Literature Review

Nicole Stell

Literature Review

October 26, 2018

 

Franklin Delano Roosevelt, the thirty-second president of the United States, is a prominent figure in American history.  Many books are dedicated to defining his role in American government, exploring his personal relationships, and telling his life story.  However, there is a significant lack of literature solely dedicated to his battle with polio, the full extent of his illness, and why his physical limitations were hidden from public view.  The fact that FDR had polio was never a secret.  Most Americans, during his presidency, knew that he had contracted polio over a decade earlier and that it had affected his mobility.  However, most did not know the extent to which he suffered physically.  The illusion that FDR’s paralysis was not hindering his physical capabilities was due to the actions of his staff, who helped him hide his confines, and a lack of negative coverage of his handicap by the press.  The majority of monographs written about Franklin Roosevelt are biographical in nature and focus on his political triumphs and failures.  There are a few books that focus on his health, and no book solely explores how and why his paralysis was largely ignored by the press.  The reasoning behind the lack of works dedicated to FDR’s paralysis and lack of press coverage is due to the fact that there are many other avenues in which to study FDR, and because Roosevelt himself did not want his handicap to be the central focus of his character.  Continue reading “Literature Review”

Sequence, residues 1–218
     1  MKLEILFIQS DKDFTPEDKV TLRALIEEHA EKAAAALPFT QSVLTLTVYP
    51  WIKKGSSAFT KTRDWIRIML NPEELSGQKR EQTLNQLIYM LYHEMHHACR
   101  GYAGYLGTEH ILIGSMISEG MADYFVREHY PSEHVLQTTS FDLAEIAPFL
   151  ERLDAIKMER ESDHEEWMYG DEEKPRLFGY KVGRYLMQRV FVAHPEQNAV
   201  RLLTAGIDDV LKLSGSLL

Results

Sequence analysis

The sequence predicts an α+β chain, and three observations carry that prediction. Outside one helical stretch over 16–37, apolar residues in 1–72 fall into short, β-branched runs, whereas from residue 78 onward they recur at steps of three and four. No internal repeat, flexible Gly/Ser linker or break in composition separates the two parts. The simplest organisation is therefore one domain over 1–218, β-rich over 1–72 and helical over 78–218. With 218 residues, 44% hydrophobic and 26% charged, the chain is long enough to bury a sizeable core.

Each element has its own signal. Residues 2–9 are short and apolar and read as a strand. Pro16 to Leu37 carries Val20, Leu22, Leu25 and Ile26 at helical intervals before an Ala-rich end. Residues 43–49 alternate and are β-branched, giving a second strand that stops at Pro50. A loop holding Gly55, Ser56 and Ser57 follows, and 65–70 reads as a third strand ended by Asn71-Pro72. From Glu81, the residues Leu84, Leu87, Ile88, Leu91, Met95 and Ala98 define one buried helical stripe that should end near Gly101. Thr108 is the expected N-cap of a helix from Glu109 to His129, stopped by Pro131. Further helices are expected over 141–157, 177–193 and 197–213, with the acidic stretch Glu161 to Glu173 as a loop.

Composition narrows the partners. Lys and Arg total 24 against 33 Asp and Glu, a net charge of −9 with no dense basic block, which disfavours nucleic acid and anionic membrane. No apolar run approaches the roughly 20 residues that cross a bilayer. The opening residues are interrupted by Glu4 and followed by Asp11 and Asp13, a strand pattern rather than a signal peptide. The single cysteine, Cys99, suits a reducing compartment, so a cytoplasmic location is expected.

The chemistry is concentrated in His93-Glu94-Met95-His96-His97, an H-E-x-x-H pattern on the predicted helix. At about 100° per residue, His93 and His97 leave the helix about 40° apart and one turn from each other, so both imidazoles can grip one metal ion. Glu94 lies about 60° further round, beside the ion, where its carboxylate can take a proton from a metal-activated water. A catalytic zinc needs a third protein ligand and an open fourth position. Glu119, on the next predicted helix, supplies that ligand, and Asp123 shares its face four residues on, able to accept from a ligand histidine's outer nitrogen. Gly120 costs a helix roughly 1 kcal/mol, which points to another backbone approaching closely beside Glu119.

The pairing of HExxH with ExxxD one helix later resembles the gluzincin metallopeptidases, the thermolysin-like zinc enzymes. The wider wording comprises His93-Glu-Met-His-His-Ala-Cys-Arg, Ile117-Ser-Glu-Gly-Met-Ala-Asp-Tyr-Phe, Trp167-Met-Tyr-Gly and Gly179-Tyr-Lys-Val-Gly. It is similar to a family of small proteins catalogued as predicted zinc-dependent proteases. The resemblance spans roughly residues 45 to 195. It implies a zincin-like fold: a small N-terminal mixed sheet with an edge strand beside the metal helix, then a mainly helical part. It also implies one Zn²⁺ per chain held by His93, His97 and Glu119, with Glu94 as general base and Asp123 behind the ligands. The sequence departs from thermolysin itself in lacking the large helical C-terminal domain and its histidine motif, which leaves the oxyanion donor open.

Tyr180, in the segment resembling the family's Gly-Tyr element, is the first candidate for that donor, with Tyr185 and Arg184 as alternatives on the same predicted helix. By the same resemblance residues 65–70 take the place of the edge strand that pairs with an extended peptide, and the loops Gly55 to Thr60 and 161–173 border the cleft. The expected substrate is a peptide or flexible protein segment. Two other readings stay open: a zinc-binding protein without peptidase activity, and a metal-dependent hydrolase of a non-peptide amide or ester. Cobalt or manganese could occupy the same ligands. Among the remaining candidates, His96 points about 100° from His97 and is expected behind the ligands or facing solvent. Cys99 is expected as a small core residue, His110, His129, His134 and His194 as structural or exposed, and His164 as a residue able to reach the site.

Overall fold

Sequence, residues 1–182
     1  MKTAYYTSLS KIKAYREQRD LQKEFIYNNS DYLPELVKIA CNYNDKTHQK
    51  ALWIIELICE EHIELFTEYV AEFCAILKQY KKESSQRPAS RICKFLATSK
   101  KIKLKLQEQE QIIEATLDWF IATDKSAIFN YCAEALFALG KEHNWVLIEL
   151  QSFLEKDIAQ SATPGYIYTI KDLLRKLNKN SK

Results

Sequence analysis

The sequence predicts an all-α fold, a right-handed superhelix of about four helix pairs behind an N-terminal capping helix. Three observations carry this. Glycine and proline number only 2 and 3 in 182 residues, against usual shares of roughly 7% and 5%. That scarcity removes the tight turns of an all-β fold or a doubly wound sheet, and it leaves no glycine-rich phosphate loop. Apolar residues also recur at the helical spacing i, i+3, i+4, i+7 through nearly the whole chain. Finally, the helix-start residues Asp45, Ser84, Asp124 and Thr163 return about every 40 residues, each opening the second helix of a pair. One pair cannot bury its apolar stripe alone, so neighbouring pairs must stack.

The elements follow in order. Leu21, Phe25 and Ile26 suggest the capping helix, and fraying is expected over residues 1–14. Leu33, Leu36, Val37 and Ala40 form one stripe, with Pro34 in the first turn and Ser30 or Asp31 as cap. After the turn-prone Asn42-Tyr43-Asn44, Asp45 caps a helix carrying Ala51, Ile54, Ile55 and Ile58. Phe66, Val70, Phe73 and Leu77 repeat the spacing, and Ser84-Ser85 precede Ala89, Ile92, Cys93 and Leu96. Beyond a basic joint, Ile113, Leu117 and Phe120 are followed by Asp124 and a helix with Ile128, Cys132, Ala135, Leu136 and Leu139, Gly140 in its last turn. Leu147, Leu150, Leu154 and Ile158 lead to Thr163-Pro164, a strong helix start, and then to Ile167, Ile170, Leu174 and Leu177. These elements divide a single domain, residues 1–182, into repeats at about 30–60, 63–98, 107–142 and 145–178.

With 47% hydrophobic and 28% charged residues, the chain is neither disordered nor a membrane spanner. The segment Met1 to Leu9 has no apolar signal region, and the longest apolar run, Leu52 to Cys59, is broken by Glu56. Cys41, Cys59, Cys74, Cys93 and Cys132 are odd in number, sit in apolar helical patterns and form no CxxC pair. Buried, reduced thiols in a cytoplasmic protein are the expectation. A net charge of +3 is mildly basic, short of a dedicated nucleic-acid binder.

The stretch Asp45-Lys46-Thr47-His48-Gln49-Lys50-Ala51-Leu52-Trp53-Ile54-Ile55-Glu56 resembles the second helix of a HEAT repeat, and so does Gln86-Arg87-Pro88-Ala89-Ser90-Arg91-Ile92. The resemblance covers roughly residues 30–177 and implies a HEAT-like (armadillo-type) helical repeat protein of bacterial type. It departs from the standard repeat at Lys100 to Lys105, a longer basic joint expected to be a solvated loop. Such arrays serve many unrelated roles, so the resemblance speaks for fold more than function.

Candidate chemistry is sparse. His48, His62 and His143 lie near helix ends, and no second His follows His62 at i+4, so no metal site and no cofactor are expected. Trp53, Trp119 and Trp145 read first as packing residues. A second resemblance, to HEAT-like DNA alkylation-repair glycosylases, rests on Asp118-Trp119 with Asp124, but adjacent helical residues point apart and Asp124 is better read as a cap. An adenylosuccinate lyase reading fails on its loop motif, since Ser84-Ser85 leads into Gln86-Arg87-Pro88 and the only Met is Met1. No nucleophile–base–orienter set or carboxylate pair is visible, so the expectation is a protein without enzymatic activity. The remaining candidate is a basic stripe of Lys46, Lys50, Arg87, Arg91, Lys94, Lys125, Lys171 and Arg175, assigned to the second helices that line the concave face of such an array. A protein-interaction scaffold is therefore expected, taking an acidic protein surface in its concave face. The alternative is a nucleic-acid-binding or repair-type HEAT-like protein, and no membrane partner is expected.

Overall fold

Literature Review

Coerced Sterilization and its Forgotten History

A Literature Review

Nicole Stell

 

 

 

 

Professor Ferrell

April 17th, 2018

History 297

I hereby declare, upon my word of honor, that I have neither received or given unauthorized help on this work,   – Nicole Stell

 

 

Abstract

Over sixty thousand forced sterilizations occurred between 1900 and 1970 in America and were done so with the intention of making it impossible for persons of a certain criteria to reproduce.  These eugenic based surgeries were supported by the judicial system, doctors, and were used primarily for purifying the gene pool.  Lower class individuals, criminals and members of society deemed mentally challenged were targeted for sterilization.  The United States has a deep history with eugenical sterilization and yet American academia ignored the history of these surgeries post World War II due to the similarities between them and actions taken by Nazi Germany.  As science advances and those studying genetics become more knowledgeable, academics from many different fields are finding it more important than ever to reveal the hidden history of eugenics in America in hopes of preventing similar attitudes from spreading in the modern world.  Continue reading “Literature Review”